You have to look at teams like Portland. They might not be having a great season, but they have a great team. You look at a school like Marquette, who won the Big East. Those are two teams that people should look out for in the tournament.

AE: How has the landscape of college soccer changed since your playing days?

BC: Number one is Title IX. It has been such a huge proponent in women’s education and therefore women in sports. When I played there was 75 Division I teams. Now there are over 325 Division I teams vying for a National Championship. That just speaks volumes. You multiply those schools by 30 people, that is a lot of players. So that alone is amazing.

AE: What advice do you have for student athletes?

BC: I would say in general that their time in college is unique. It is precious and goes by very quickly. It is hard to sometimes enjoy that time in college. There is pressure in the classroom and also on the field of play. The students that I have the great pleasure of working with at Santa Clara are probably similar to college kids all around the country. They are instinctually motivated to win and be successful.

I think it is hard for these students to balance their time with academics and sports. There is a bigger picture then these games these athletes are playing. I would say to these athletes to try and enjoy the training aspect of sports. The training is really the foundation for the rest of your life. The lessons you learn about being successful in college are things you can take with you in life.

The idea of balance is something that should be thought of for these student athletes. A person should try their best and give it their all in sports, but there are other things out there. Sports or whatever it is at that time is not the only part of you. They need to realize that and create a balance in life.

AE: Moving from college to the pros, what is your take on the current USA women’s soccer team?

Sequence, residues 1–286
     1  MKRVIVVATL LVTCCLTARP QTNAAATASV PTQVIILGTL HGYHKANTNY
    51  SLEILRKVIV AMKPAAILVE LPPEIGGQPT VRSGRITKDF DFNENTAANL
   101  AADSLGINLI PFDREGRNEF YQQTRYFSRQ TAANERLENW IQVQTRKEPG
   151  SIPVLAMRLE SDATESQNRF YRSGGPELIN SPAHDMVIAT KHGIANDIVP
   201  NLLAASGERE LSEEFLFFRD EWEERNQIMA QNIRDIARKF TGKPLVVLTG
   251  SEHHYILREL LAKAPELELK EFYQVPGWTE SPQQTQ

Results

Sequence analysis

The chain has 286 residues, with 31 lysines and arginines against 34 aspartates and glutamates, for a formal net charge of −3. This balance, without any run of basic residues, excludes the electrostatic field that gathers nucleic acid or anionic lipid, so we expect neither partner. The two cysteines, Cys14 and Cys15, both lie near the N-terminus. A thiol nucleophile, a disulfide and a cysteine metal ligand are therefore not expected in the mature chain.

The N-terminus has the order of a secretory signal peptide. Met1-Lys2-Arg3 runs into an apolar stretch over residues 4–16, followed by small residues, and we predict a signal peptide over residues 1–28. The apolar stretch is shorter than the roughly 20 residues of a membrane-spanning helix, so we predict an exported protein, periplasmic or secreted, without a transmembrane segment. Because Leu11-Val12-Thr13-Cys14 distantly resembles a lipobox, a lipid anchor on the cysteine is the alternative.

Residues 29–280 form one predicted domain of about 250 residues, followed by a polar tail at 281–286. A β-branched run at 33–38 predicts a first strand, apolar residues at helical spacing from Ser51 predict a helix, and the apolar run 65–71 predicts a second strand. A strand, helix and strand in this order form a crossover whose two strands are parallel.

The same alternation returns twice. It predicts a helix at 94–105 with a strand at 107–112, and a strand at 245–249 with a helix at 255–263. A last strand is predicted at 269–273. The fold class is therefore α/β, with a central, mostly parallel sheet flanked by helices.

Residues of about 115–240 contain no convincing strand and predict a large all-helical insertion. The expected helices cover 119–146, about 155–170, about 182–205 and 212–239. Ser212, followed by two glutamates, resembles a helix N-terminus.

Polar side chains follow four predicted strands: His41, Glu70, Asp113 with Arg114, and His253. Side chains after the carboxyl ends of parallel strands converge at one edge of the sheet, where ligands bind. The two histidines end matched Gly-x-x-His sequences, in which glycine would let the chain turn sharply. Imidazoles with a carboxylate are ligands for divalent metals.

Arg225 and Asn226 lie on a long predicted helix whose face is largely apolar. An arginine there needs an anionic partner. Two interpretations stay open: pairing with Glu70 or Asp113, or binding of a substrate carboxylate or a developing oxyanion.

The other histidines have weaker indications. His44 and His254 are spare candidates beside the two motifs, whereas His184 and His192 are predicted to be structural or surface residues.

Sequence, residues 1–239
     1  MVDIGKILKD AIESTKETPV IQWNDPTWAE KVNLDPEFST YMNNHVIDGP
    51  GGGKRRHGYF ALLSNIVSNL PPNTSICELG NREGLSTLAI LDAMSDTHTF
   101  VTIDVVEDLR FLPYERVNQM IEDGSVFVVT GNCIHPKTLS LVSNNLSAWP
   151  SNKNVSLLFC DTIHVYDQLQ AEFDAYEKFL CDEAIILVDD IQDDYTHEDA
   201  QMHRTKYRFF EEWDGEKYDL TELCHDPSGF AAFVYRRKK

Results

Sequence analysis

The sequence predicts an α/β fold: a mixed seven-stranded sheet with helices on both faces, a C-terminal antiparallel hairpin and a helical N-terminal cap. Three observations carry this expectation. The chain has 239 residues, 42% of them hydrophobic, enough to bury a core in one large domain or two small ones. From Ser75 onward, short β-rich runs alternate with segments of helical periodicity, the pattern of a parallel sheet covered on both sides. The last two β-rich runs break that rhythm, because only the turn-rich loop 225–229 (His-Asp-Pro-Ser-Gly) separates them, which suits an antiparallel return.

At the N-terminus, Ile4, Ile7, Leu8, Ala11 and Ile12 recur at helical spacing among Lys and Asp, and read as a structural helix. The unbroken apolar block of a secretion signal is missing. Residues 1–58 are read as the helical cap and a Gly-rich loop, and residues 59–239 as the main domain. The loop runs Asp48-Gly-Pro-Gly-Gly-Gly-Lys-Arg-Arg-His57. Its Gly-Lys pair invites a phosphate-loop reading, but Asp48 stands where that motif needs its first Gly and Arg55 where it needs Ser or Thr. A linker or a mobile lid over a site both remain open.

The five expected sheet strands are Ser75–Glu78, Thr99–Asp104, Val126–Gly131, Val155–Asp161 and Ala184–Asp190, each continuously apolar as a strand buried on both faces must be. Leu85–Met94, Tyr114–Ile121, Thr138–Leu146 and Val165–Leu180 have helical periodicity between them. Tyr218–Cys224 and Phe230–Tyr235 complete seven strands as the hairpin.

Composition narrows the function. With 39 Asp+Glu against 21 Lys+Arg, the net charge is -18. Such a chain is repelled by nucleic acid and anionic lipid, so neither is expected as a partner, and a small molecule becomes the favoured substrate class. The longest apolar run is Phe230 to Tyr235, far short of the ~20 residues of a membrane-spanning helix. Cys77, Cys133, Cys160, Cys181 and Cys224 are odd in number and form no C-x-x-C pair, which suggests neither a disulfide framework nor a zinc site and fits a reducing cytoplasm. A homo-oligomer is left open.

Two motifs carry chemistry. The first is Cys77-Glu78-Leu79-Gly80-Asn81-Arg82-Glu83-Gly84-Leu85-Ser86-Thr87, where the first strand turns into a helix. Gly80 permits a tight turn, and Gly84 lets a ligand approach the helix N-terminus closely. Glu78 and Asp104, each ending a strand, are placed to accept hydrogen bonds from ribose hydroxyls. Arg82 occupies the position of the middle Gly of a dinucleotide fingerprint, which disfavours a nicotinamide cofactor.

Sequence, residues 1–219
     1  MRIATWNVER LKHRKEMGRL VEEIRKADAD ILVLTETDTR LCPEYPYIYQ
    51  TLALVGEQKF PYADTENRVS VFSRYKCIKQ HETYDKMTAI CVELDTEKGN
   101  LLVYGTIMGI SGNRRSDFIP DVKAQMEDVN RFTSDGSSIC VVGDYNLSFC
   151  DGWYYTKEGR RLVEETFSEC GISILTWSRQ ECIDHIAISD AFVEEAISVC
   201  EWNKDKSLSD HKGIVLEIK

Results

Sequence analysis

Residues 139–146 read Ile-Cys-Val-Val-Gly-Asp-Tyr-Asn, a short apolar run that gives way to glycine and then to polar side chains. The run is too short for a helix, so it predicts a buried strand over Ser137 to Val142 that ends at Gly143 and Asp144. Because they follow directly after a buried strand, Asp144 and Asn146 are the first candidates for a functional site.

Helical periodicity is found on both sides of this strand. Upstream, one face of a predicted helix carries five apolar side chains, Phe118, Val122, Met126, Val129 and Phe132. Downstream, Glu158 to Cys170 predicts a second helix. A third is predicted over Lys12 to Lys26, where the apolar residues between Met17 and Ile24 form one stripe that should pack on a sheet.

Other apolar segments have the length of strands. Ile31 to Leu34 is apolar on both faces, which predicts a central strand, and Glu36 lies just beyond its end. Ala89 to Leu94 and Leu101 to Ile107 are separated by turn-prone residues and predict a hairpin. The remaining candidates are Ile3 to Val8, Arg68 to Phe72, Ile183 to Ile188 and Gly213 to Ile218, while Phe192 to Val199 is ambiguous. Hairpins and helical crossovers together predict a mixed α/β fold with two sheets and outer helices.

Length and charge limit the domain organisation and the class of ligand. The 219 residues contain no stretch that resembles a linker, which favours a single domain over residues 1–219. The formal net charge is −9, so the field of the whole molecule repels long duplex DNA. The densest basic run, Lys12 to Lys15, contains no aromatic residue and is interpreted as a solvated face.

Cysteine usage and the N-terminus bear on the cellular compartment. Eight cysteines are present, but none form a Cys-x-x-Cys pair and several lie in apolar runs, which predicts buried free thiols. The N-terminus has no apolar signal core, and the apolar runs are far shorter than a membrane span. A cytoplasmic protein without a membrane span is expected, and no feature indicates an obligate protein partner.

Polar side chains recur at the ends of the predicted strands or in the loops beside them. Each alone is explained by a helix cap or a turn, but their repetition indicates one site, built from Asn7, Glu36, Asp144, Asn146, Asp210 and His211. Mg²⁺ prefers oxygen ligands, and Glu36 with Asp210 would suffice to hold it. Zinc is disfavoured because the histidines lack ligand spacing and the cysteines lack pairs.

BC: In past games like the 4-1 victory over Brazil, the U.S. women’s soccer team has been very strong. When you have goal scorers like Abby Wambach, Sydney Leroux, and Alex Morgan the list goes on you can see that.

I think defending is the number one problem. Finding the right combination of four backs, three backs, or whatever it is will be the challenge for Tom Sermanni. So I think that is the focus. The attacking part of it has never been their thorn in their side. I think finding the right combination of players who can play soccer, defend, and be organized is key.

AE: Do you have one memory in your great career that stands out the most?

BC: Gosh. I would say that I have loved soccer ever since I kicked a ball at seven years old. There is a lot of wonderful memories. The majority of them, well maybe half of the memories have been ones on the field. Obviously people go right to the penalty kick.

I would have to say that my number one memory was when I kicked a really good left footed goal. I was eleven years old. I can shut my eyes and remember that goal vividly. It felt really good. Then I think the moment in the 1999 Women’s World Cup where I scored an own goal in the game against Germany. The interaction that followed that will be something I will always remember. Carla Overbeck told me not to worry about it and told me that we were going to win the game and you are going to help us. After that I scored a goal and we went on to win that game.

I think that memory stands out because I was able to fix my mistake and go on to win that game. In sports there are times where you can literally change someone’s life in a moment.  Carla did that for me. She told me that my mistake was okay and we were still going to win. Ever since that day I am looking for the opportunity to do that for someone else.

You can use moments like those to reflect on and tell yourself that things are going to be alright. That is why I cherish moments like those.